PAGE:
Norbert Nagy, Anita Kormos, Zsófia Kohajda, Áron Szebeni, Judit Szepesi, Piero Pollesello, Jouko Levijoki, Károly Acsai, László Virág, Péter P. Nánási, Julius Gy. Papp, András Varró, András Tóth
    30 Jul 2014 | 2:30 am
    Summary Background and purposeA crucial role for augmented Na/Ca2+ exchanger (NCX) activity in cardiac arrhythmogenesis is often suggested, however, in related studies the antiarrhythmic efficacy of NCX inhibition was apparently controversial. Feasible explanations could be the unsatisfactory selectivity of NCX inhibitors and/or experimental model dependence of the degree of Ca2+i overload. In the present study, using NCX inhibitors SEA0400 and the more selective ORM10103, we evaluated the efficacy of NCX inhibition against arrhythmogenic Ca2+i rise in conditions when [Ca2+]i was augmented…
  • Endothelial atypical cannabinoid receptor: do we have enough evidence?

    Alexander I. Bondarenko
    30 Jul 2014 | 2:30 am
    Abstract Cannabinoids and their synthetic analogs affect a broad range of physiological functions, including cardiovascular variables. Although direct evidence is still missing, the relaxation to cannabinoids of a vast range of vascular beds is believed to involve still unidentified non-CB1, non-CB2 Gi/o protein-coupled receptor Ta located on endothelial cells, so called endothelial cannabinoid receptor (eCBR). Indication for the presence of eCBR comes mainly from vascular relaxation studies, which commonly employ pertussis toxin as an indicator for GPCR-mediated signaling. In addition,…
  • Epigenetics in the Perioperative Period

    P Lirk, H Fiegl, N.C. Weber, M W Hollmann
    30 Jul 2014 | 2:30 am
    Summary The perioperative period is characterized by profound changes in the body's homoeostatic processes. This review seeks to address whether epigenetic mechanisms may influence an individual's reaction to surgery and anaesthesia. Evidence from animal and human studies suggests that epigenetic mechanisms can explain many facets of susceptibility to acute and chronic pain, making them potential therapeutic targets. Modern pain management is still based upon opiates, and both the developmental expression of opioid receptors and opioid-induced hyperalgesia have been linked to epigenetic…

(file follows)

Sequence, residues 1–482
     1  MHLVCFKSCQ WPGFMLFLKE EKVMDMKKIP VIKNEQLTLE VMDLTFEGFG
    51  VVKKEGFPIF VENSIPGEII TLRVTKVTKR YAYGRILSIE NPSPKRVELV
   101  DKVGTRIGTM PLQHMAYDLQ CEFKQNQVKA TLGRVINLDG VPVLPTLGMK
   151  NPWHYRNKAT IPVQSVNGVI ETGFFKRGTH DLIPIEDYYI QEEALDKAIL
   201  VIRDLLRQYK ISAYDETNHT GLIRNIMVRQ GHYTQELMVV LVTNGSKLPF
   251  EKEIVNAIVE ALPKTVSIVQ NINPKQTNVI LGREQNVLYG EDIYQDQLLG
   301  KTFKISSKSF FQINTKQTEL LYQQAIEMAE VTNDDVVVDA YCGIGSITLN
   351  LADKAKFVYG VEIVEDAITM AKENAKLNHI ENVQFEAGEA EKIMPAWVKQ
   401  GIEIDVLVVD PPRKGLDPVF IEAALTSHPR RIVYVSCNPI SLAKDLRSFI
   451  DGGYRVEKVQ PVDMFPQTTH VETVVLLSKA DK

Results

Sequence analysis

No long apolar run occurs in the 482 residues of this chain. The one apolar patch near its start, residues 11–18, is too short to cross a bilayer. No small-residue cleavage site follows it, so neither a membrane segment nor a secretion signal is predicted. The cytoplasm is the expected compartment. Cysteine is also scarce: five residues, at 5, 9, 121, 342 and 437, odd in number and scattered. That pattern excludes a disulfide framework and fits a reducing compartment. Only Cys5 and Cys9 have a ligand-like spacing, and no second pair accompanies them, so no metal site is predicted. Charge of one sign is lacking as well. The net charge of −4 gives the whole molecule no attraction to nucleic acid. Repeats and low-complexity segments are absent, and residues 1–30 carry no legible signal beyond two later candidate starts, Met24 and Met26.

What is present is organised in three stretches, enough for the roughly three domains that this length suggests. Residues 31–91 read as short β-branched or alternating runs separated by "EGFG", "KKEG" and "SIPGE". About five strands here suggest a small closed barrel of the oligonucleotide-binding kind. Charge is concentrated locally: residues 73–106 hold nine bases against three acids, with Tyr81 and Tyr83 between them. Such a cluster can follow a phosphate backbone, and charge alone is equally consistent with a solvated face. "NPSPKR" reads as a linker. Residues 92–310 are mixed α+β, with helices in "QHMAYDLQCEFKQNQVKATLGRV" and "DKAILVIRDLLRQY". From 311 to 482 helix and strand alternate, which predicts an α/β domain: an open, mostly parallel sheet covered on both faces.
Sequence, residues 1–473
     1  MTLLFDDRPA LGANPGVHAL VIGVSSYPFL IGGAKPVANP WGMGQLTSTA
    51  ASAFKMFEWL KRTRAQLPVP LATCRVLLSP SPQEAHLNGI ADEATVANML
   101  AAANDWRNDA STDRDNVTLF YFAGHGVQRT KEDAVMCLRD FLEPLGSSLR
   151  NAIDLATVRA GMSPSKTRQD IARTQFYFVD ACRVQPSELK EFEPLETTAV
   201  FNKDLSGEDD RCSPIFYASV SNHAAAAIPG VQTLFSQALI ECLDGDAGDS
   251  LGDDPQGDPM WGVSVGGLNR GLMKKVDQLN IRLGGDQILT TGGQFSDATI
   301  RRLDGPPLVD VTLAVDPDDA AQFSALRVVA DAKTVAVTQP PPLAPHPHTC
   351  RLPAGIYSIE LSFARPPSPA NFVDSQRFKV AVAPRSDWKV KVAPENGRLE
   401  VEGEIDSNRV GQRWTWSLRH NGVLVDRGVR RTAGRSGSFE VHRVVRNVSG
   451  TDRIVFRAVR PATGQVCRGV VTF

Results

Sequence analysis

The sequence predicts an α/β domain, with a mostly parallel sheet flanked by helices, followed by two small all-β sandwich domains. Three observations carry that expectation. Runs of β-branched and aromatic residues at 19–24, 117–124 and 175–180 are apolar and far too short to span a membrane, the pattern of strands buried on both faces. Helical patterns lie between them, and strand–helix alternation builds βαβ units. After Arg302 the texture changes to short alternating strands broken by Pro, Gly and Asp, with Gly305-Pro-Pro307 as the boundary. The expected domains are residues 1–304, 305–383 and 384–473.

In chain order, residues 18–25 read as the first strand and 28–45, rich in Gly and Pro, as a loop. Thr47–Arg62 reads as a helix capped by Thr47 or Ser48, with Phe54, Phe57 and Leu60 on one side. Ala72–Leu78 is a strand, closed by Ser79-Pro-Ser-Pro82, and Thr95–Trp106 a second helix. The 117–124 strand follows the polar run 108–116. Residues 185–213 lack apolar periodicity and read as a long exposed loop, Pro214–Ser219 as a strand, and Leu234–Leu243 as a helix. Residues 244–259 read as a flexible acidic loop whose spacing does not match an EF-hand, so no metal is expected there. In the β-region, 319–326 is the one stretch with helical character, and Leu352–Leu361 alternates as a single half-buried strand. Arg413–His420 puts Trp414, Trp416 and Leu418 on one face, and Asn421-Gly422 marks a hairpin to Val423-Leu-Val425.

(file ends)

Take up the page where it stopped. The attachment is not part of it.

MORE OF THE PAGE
• Simulation with cells in vitro of tamoxifen treatment in premenopausal breast cancer patients with different CYP2D6 genotypes

    Philipp Y. Maximov, Russell E. McDaniel, Daphne J. Fernandes, Valeriy R. Korostyshevskiy, Puspanjali Bhatta, Thomas E. Muerdter, David A. Flockhart, V. Craig Jordan
    30 Jul 2014 | 2:30 am
    Summary Background and PurposeTAM is a prodrug that is metabolically activated by 4-hydroxylation to the potent primary metabolite 4-hydroxytamoxifen (4OHT) or via another primary metabolite N-desmethytamoxifen (NDMTAM) to a biologically active secondary metabolite endoxifen through a cytochrome P450 variant 2D6 system (CYP2D6). We have determined the antioestrogenic efficacy of TAM and its metabolites, including endoxifen, at concentrations corresponding to serum levels measured in breast cancer patients with various CYP2D6 genotypes, simulating TAM treatment. This could provide new data to…
 
 
 
 
 
 
 
 
 
 
 
 
 
 
 
 
 
 
 
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    PSI-Nature Structural Biology Knowledgebase

  • Quorum Sensing: E. coli Gets Involved

    Claudia Lupp
    16 Jul 2014 | 5:00 pm
    PSI-Nature Structural Biology Knowledgebase (2014). doi:10.1038/sbkb.2014.213 Author: Claudia Lupp The crystal structure of E. coli SdiA provides insights into substrate selectivity and oxidation-dependent regulation.
  • Quorum Sensing: A Groovy New Component

    Anita M. Engh
    16 Jul 2014 | 5:00 pm
    PSI-Nature Structural Biology Knowledgebase (2014). doi:10.1038/sbkb.2014.214 Author: Anita M. Engh A first-in-family structure of a Pseudomonas-specific protein provides clues to its role in quorum sensing.
  • The human proteome takes the spotlight

    Allison Doerr
    26 Jun 2014 | 5:00 pm
    Nature Methods 11, 709 (2014). doi:10.1038/nmeth.3017 Author: Allison Doerr Two papers report mass spectrometry–based draft maps of the human proteome and provide broadly accessible resources.
  • Putting it out there

    Cláudio Nunes-Alves
    29 Jun 2014 | 5:00 pm
    Nature Reviews Microbiology 12, 530 (2014). doi:10.1038/nrmicro3311 Author: Cláudio Nunes-Alves Two studies solve the structure of the LptD-LptE complex and elucidate how LPS is transported across the bacterial outer membrane.
  • Structures Without Damage

    Allison Doerr
    16 Jul 2014 | 5:00 pm
    PSI-Nature Structural Biology Knowledgebase (2014). doi:10.1038/sbkb.2014.215 Author: Allison Doerr Radiation damage-free protein structures can be solved using an X-ray free-electron laser and large single crystals.